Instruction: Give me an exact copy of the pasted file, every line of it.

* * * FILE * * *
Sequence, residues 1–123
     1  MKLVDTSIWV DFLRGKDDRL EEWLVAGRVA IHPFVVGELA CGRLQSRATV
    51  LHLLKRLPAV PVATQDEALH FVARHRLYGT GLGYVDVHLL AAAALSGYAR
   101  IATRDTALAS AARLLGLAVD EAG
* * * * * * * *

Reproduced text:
Sequence, residues 1–123
     1  MKLVDTSIWV DFLRGKDDRL EEWLVAGRVA IHPFVVGELA CGRLQSRATV
    51  LHLLKRLPAV PVATQDEALH FVARHRLYGT GLGYVDVHLL AAAALSGYAR
   101  IATRDTALAS AARLLGLAVD EAG